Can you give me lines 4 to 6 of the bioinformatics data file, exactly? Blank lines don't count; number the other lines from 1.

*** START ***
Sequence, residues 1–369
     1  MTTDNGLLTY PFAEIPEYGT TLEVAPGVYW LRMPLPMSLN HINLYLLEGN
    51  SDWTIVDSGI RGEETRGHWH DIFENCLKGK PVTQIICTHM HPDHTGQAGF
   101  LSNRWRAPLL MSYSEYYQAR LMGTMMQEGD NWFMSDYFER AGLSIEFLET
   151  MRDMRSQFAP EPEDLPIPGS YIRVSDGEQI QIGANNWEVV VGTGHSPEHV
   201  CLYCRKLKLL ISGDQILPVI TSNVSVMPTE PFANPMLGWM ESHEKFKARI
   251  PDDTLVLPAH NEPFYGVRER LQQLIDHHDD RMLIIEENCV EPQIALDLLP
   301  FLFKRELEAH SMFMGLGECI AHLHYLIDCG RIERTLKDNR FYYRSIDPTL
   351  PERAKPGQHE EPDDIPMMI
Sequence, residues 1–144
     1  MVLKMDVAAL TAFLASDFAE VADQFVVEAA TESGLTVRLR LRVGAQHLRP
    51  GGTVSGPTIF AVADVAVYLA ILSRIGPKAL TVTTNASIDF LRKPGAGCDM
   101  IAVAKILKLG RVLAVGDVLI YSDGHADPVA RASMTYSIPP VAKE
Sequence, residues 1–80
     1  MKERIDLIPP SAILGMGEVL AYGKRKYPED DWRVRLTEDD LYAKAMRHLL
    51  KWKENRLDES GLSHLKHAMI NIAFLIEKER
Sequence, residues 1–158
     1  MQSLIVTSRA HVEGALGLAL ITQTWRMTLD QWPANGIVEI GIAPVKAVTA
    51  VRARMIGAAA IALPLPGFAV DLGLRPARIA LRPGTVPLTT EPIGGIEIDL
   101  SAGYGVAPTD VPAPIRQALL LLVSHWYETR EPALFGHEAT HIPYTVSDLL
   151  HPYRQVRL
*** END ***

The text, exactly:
   101  LSNRWRAPLL MSYSEYYQAR LMGTMMQEGD NWFMSDYFER AGLSIEFLET
   151  MRDMRSQFAP EPEDLPIPGS YIRVSDGEQI QIGANNWEVV VGTGHSPEHV
   201  CLYCRKLKLL ISGDQILPVI TSNVSVMPTE PFANPMLGWM ESHEKFKARI